Electoral competition has historically been a male-dominated sphere in Latin America and the Caribbean. Even though women represent the half of the population, they do not get the half of the positions of power. Of the 30,688 seats contested at national legislative level in 18 countries in the region since 1978, only 5,695 have been won by women. They face multiple forms of violence when they want to exercise their citizenship and their expectations of being able to assert their public voice are met - over and over again - with resistance from many men - and some women - who look down on them, undervalue them and prevent them from exercising power on an equal footing with men. They must constantly fight for their rights, even when these rights are formally recognised in the Constitutions.

In the last decades, this history of exclusion has become visible and institutional reforms have been promoted to change it. According to ECLAC data, the region has succeeded in increasing the number of women in parliament by more than 33.6 percentage points on average. In practice, more women have won seats, presided over Congresses, participated in commissions of all kinds - hard and soft -, lobbied for their interests and promoted projects and initiatives that put the improvement of women's living conditions at the centre. Their presence challenges the established order and carries a strong symbolic charge: it is about sharing power in a man's world. It is true that there are still not as many women as there should be, but there are many more than there used to be.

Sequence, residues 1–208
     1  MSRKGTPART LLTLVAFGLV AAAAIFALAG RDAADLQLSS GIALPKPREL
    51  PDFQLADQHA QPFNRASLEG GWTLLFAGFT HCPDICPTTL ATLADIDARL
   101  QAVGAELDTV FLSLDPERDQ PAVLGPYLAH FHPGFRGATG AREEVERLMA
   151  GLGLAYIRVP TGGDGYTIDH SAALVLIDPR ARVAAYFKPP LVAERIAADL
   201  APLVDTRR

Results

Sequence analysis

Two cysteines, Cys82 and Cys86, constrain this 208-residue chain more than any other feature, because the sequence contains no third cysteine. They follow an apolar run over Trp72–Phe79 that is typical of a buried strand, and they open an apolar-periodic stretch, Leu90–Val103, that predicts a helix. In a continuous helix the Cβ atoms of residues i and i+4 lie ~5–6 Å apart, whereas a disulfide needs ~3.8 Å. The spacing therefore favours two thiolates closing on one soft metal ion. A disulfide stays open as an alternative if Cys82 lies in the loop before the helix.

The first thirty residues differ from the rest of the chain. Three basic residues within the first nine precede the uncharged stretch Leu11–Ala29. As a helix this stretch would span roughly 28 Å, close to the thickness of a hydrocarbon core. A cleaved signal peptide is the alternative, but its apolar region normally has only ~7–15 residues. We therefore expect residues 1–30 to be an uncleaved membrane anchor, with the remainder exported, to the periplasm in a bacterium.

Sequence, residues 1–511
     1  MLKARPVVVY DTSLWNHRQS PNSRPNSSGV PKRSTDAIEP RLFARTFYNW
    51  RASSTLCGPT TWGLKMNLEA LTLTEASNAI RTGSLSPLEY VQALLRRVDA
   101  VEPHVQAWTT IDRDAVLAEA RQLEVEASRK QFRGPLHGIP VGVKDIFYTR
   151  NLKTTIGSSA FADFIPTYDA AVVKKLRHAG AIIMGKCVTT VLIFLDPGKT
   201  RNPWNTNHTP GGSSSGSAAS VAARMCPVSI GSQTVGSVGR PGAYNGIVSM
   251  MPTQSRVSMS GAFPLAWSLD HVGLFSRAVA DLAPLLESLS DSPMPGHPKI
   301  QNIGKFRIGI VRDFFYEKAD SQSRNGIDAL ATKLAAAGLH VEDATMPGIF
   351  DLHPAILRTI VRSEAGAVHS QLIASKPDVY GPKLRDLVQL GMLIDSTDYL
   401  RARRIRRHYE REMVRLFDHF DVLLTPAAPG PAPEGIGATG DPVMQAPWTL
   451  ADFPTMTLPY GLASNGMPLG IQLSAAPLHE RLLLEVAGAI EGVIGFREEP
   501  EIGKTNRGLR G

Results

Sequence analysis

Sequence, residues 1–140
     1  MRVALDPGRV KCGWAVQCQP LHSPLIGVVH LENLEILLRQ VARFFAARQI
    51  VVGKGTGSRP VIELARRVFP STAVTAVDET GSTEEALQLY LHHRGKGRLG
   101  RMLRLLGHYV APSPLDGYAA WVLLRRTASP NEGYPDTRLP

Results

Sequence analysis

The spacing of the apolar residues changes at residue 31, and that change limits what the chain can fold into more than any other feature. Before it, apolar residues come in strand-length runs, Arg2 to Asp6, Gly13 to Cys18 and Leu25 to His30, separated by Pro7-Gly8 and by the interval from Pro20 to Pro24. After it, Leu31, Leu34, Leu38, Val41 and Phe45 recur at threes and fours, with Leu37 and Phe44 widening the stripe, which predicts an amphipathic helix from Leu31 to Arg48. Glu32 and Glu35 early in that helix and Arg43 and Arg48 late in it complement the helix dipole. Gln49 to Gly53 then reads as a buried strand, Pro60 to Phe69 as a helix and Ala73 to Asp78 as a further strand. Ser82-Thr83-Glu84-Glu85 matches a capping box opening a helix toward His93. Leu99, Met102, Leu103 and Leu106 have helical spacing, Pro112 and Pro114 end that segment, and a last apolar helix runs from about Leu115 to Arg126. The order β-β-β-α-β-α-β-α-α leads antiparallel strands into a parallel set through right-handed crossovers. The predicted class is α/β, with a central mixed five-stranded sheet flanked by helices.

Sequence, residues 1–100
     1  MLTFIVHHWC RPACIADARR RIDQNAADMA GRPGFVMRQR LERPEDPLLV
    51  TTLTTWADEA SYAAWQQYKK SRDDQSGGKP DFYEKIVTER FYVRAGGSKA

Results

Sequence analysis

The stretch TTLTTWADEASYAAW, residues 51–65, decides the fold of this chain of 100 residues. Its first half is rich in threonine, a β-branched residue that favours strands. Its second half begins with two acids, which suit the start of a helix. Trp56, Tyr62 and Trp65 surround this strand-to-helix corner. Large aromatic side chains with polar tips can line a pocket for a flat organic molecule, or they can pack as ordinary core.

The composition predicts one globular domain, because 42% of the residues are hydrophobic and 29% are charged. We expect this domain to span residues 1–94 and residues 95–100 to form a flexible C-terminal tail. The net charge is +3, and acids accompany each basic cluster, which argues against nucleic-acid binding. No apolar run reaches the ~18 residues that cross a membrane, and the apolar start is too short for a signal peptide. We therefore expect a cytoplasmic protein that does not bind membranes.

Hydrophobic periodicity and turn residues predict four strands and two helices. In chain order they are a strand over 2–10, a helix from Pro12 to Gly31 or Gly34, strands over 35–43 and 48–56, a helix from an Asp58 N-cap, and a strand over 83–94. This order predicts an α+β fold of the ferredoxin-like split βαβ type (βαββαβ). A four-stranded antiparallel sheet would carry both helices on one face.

Law matters

Laws have been allies in reducing gender gaps in Latin America. Without political reforms that changed the rules of the game, women would not have been able to run for power. This has been fundamental. If women are not placed on the lists as candidates, it is impossible for them to access representative positions. Since the leadership did not put them there of its own free will, it had to be forced by law to ensure that the lists had women's representation. More than three decades ago, our women leaders realised that the way in which the rules require parties to place women candidates, in combination with the electoral system, have an impact on the descriptive representation of women. The more demanding those rules are, the greater the presence of women in legislative institutions.